1:00pm PT by Aaron Couch
Bob Odenkirk Wants 'Better Call Saul' to Feature 'Breaking Bad' Scenes
[Warning: This story contains spoilers for Better Call Saul season three.]
After years breaking bad, it's fun for Bob Odenkirk to play someone who is (more or less) good.
The actor is enjoying his third consecutive Emmy nomination for his leading role in AMC's Better Call Saul, the drama in which he plays the quick talking lawyer Jimmy McGill. Against all odds, it's a surprisingly sympathetic role, giving a look at Saul Goodman before he became the criminal (emphasis on criminal) lawyer known to Breaking Bad viewers.
The third season saw a lot of changes, most notably the death of Jimmy's brother Chuck, played by Michael McKean. It's a loss that weighs heavily on the show, and on Odenkirk as he contemplates a future without his most seasoned sparring partner.
It's hard to imagine the show without Michael McKean. How will the show move forward, and how will it affect you as an actor?
Working opposite a great powerful actor like Michael just makes you better. That was true with Bryan Cranston. It centers you and it challenges you. I don’t know if there's a competitive side to acting, but maybe there is somehow. It makes you more present and whatever emotions you have get fed by that person's presence and what they bring to the moment. I'm going to have to work around that deficit of not having him there. And personally, it's sad to have to say goodbye to him. He's just one of the funniest people I've ever been around.
You are, presumably, about halfway done with this show's run, and we're starting to see more of Saul Goodman's nature come out in Jimmy. How are you preparing for that?
I miss Jimmy McGill already, because he's becoming Saul. And I genuinely mean that. I feel kind of sad for this guy going away. The depth of the character is, at least for a time, turning into the less dimensional Saul Goodman, who I don't like personally. And I have to say goodbye to Jimmy in the course of this story that we've committed to tell.
Will you go back and watch your performance on Breaking Bad as a refresher course as your character moves closer and closer to Saul Goodman? (Hat tip to BCS and Breaking Bad scholar Brian Davids for this question.)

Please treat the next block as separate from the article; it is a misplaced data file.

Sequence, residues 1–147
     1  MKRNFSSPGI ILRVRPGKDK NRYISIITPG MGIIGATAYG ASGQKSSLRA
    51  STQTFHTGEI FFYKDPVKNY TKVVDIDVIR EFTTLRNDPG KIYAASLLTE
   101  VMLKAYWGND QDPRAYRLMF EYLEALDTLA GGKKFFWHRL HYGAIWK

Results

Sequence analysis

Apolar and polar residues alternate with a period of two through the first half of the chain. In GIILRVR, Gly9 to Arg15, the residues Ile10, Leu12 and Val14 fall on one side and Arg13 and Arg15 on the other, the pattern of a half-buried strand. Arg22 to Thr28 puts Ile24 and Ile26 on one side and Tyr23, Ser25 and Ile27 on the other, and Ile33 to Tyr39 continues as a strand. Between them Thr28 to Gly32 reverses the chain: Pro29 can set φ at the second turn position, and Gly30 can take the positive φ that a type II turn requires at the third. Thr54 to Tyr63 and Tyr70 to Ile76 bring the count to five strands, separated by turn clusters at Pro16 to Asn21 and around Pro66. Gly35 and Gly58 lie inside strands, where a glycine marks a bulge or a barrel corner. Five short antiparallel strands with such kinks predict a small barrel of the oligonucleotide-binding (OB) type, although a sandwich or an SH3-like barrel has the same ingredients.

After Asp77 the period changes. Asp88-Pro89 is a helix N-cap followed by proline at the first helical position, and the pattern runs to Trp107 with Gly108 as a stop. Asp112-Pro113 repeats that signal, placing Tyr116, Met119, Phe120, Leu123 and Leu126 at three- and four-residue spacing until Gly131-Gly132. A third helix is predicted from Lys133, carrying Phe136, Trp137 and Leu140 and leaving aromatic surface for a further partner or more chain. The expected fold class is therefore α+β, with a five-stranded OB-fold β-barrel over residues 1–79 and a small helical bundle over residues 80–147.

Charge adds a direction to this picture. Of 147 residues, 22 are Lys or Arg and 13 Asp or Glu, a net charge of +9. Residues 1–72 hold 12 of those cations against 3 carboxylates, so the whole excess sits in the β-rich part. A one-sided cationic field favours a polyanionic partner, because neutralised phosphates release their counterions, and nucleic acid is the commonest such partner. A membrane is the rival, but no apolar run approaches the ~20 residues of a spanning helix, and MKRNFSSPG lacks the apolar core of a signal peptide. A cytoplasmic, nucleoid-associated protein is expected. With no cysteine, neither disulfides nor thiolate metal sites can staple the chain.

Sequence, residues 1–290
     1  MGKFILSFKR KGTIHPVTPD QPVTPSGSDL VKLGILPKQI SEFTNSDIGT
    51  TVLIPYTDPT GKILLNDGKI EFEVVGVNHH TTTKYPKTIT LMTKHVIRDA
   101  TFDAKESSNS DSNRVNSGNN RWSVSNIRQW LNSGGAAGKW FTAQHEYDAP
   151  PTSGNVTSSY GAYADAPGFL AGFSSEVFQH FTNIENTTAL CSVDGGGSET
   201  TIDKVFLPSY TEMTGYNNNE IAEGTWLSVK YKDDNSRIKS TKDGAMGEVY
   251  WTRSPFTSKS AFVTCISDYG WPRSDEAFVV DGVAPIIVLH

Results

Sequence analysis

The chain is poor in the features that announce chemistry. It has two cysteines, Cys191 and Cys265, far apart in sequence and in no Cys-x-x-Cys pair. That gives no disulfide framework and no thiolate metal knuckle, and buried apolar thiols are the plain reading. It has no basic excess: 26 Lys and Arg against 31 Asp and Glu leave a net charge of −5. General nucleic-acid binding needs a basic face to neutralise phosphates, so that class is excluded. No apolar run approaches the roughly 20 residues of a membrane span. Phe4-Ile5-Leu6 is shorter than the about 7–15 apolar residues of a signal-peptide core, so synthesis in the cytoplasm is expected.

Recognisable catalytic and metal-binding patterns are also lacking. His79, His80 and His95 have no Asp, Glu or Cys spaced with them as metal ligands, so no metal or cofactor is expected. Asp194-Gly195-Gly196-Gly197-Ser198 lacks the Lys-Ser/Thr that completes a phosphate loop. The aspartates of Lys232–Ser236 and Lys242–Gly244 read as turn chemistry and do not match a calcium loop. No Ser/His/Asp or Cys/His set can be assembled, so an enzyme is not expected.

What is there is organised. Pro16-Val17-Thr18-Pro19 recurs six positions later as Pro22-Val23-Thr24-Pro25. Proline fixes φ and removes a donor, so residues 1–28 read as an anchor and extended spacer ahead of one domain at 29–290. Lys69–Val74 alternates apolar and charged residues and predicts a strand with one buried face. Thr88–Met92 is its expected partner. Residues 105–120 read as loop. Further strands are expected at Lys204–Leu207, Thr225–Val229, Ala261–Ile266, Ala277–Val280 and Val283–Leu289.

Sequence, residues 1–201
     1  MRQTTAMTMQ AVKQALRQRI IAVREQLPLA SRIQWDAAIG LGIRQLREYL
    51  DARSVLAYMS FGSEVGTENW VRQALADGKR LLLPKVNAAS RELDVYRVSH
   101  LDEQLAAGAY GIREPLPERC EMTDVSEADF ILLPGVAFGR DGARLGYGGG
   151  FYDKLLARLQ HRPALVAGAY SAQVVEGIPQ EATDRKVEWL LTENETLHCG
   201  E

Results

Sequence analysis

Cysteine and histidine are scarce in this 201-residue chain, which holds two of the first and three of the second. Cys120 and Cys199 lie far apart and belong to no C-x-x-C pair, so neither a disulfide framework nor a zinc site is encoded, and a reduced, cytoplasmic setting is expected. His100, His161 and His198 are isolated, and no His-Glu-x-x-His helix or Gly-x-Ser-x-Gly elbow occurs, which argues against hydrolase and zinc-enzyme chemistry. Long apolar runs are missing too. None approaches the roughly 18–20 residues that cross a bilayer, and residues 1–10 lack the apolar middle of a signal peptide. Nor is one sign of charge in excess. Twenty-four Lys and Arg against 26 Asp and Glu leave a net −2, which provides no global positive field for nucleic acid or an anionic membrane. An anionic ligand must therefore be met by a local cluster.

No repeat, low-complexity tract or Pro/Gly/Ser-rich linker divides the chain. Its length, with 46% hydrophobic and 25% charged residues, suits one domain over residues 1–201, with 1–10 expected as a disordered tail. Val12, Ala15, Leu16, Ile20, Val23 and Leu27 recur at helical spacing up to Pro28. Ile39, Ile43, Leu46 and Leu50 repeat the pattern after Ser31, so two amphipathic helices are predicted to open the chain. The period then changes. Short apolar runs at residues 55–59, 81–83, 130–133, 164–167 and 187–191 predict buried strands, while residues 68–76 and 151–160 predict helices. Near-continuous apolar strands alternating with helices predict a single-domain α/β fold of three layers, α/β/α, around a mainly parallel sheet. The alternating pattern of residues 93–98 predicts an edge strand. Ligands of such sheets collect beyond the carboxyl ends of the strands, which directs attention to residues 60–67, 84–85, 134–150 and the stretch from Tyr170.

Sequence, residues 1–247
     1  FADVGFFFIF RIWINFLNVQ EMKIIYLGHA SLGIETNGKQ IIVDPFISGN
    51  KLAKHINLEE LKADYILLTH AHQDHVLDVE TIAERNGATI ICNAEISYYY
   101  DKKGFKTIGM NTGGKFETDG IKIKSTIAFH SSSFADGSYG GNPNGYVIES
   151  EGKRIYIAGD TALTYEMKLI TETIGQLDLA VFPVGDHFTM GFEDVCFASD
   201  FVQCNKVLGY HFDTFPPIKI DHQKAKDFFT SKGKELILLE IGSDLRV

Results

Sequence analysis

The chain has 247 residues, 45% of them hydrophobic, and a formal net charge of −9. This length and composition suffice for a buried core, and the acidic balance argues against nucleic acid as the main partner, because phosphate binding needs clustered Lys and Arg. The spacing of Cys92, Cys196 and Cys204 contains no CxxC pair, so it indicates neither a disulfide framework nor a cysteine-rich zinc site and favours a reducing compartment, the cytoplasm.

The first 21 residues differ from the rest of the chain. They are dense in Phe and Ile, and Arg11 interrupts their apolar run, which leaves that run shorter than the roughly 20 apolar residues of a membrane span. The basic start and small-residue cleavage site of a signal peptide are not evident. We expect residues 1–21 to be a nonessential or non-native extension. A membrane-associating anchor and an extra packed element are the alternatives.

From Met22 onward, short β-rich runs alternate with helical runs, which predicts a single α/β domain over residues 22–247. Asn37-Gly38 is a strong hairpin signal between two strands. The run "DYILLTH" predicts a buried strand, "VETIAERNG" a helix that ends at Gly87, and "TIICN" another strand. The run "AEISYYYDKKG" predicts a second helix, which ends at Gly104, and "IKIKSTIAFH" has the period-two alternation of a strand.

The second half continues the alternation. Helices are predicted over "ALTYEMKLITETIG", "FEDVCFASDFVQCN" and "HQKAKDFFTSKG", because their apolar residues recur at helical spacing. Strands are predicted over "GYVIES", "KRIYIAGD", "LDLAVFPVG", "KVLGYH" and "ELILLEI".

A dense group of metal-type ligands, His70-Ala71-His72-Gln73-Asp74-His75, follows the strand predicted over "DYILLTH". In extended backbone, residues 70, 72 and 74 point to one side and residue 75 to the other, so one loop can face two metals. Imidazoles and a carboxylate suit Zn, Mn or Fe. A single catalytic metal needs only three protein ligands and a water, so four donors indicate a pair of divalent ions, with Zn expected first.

I don't think I really need to watch my performance in Breaking Bad. He's already become so much more dimensional, and while there's going to be, I think, aspects hidden away as he chooses to present himself as Saul to the world and to try to steal and take from the world as much as he can, [showrunners] Peter Gould and Vince Gilligan and the writing is going to get me there into that place. I wouldn't be surprised if they show us a few more dimensions of Saul himself. In Breaking Bad, we only saw Saul at work, which makes sense because he was working for Walter and that was his value and purpose in the story of Breaking Bad. But if we're going to get to know him as well as we have in Saul, perhaps some of those sequences in Breaking Bad, we might get to see behind Saul's story a little more. His side of the story that might make him a different character in the course of seeing that — [a side] even I haven't seen yet.
Vince and Peter have said they are interested in Gene, the identity Saul takes on to live in exile in Omaha post-Breaking Bad. What excites you about seeing more of him?
Gene is completely shut down. He is hiding his name and his identity, but he's also hiding his personality and that's what's killing him. That's what's suffocating him. He can't let go of the Saul Goodman side of him, the side that likes to be talkative and active — and he has to swallow all of that and that's why he faints I believe in that scene in season three. He's just not breathing. He's completely submerged and some part of him can't take it anymore. We'll see what happens. But I don't think he can live that way entirely.
How have fan interactions changed for you since Better Call Saul started?
There's a lot of sympathy for Jimmy. People like Jimmy. I love that I'm playing a character that people feel a lot of emotion for and root for because they are very kind to you if you are playing that kind character. Poor Michael McKean. As wonderful as he was, he played a guy who was just torturing jimmy, and I think he heard about from fans.